The Welfare State: What’s it for?
With cuts in public spending looming, the question of the welfare state can no longer be brushed aside. Once celebrated as a keystone of post-war Britain, the welfare state is today accused of fostering a dependency culture that traps millions.
But is it only the long term unemployed who are dependent? Some argue that the ideology of welfarism has fostered a climate of benign government intervention into all lives which is profoundly illiberal. On the other hand, there are people who are genuinely dependent. Some argue that the state doesn’t meet their needs sensitively enough. But when needs are defined psychologically as well as physically, this becomes a fraught question.
So what is the role of the welfare state today? Is an expansion of its role inevitable in a recession? Is welfare incompatible with personal freedom and independence? Should the state attempt to ‘manage’ people away from dependence even if it means a deprivation of their liberty in the short term?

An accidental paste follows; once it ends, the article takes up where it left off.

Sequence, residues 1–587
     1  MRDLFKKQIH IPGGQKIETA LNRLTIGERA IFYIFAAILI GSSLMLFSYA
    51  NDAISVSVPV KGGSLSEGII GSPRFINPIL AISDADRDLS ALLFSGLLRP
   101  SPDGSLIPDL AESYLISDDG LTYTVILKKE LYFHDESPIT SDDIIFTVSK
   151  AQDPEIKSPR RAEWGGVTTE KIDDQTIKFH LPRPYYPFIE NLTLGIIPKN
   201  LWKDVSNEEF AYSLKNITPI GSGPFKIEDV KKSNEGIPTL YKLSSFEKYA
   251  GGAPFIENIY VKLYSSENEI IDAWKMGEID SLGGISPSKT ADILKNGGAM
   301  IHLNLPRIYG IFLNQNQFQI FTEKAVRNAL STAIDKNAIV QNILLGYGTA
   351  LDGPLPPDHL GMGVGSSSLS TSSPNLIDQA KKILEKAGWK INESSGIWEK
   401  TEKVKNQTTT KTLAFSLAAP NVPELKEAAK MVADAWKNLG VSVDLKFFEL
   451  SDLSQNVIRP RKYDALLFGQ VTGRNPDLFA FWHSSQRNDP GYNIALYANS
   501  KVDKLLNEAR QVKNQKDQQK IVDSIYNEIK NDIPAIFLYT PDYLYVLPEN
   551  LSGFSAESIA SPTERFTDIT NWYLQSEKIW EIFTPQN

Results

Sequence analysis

Declaring Dependence, Declaring Independence: Three Essays on the Future of the Welfare State (pdf), Centre for Independent Studies
The Receding Tide: Understanding Unmet Needs in a Harsher Economic Climate, Young Foundation, January 2009
When Hassle Means Help: The International Lessons of Conditional Welfare, Policy Exchange, 15 October 2008